Karen MacNeil, 5.31.19
How many years have you been in the business? Tell me briefly about your background and your current position today.
A little more than 40 years. I started in New York City in the 1970s where I had moved to try to become a writer. I lived in a fifth floor walk-up in Spanish Harlem. After collecting 324 rejection slips, my first article sold to the Village Voice newspaper. The article was on butter (of all things). That piece opened the door and within a few years I was writing about food and wine for many national publications.
Did you have a particular “aha!” moment that propelled you into wine?
When I began there were no wine schools or classes. There was no way to actually learn about wine other than try to read the great British critics like Michael Broadbent. The situation was especially hard if (like me) you had very little money to buy wine experimentally. Nonetheless, I decided that there had to be some sort of way to grasp this incredible world and so I began to study wine on my own. At the time I was drinking Bulgarian reds, Liebfraumilch, and anything else that cost less than $1 a bottle in a wine store.
What is the most rewarding part of your job?
Teaching people about wine in an easy-to-understand way.
Can you describe any prejudices you’ve experienced in this industry as a woman?
Name any of them and I’m pretty sure I’ve experienced them. The 1980s and 1990s were a very sexist time and I was one of only a handful of women in wine on the East Coast.
How can we as women become aware of our prejudice and change our behavior?
Start simply by being self aware.
When it comes to wine, what benefits do you think we’ll see as a community by better supporting women?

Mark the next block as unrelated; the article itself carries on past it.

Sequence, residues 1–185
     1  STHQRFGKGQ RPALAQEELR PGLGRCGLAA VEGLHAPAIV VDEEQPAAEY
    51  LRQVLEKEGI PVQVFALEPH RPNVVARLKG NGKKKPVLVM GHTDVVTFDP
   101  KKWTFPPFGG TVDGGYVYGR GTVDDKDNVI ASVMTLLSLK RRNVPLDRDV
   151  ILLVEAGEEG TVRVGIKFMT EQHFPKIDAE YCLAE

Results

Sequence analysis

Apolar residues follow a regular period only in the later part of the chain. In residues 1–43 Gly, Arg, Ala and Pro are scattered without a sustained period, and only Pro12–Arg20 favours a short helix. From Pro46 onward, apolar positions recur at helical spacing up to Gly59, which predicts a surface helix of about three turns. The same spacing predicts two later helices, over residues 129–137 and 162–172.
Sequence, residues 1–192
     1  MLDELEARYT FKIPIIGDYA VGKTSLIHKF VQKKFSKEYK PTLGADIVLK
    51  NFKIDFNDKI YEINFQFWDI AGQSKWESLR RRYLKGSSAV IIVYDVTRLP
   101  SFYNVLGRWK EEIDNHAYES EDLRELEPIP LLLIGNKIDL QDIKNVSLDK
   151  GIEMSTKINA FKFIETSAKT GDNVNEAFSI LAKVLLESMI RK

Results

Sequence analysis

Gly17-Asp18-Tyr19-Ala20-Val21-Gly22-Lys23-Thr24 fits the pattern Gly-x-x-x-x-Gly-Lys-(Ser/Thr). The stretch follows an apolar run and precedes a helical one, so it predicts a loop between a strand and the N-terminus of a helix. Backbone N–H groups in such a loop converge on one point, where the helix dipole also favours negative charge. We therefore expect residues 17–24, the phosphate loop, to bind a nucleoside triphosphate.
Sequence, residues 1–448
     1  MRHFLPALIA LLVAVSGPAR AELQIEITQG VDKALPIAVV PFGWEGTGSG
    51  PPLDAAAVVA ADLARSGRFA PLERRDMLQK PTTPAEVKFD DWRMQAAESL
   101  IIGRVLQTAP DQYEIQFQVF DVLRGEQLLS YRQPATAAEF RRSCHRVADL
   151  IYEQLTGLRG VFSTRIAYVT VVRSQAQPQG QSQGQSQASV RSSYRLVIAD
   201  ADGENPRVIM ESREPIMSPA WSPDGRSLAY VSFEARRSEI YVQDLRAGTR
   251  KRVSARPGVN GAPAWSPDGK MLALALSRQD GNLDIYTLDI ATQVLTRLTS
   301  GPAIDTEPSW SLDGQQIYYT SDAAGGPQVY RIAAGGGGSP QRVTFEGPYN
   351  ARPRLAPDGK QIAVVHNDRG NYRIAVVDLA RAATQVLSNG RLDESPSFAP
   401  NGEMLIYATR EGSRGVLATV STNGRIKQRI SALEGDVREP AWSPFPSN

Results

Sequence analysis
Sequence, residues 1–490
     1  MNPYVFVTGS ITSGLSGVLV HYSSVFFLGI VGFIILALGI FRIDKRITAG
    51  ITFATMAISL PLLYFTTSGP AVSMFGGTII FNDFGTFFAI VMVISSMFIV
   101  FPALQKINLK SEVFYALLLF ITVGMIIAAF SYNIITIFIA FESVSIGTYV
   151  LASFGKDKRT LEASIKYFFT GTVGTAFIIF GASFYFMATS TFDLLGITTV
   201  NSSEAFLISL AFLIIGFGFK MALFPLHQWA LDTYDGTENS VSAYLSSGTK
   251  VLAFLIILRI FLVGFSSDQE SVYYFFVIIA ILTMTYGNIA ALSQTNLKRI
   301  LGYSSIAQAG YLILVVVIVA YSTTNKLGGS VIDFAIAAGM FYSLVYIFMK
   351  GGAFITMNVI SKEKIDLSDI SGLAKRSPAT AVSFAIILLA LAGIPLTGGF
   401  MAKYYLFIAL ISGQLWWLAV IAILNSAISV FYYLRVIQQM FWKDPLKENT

Dozens of studies now show that teams operate better, more efficiently and at a higher level when women are involved. I also hope we’ll have more humane workplaces.
What change do you hope to see in regards to women in the wine industry in the next five years?
More women in high paid leadership positions.
What message do you have for women entering the wine profession?
Dress like the CEO from Day One. I know it’s not politically correct at the moment to suggest that women should tame the way they dress. But I think it’s naïve to assume you can negotiate a contract or salary (especially your own) wearing spaghetti straps and a short skirt. Every top professional—men as well as women—learn to “look the part.” I’d also say women should develop the ability to look intently and directly at people and not look away when they talk. And develop a strong handshake. A limp handshake is death in any business.
What does equality in the wine industry look like to you?
Equal pay for equal work. Access to the same exciting opportunities.
What ways would you say you are contributing to equality in wine?
I try to hire women and women from different ethnic backgrounds. When I choose people to be on panels with me, I always try to choose a few women as well as men.
What are some defining characteristics of a wonder woman of wine to you?
I’m afraid I don’t like the phrase “Wonder Woman.” It reminds me of a comic book character. To get ahead, women can’t become caricatures.
What other women of wine do you admire and why?
Zelma Long, Cathy Corison, Celia Welch, Beth Novak, Barbara Banke, Jancis Robinson, Naoko Dalla Valle, Francoise Peschon, Carole Meredith, Pam Starr, Linsey Gallagher, Emma Swain, Martine Saunier, Katrin Naelappa, Ann Noble, Michaela Rodeno, Lisa Perotti-Brown. I could go on and on. Truly, the number of great women in the wine industry today is astounding. Why do I admire them? Because they never take no for an answer.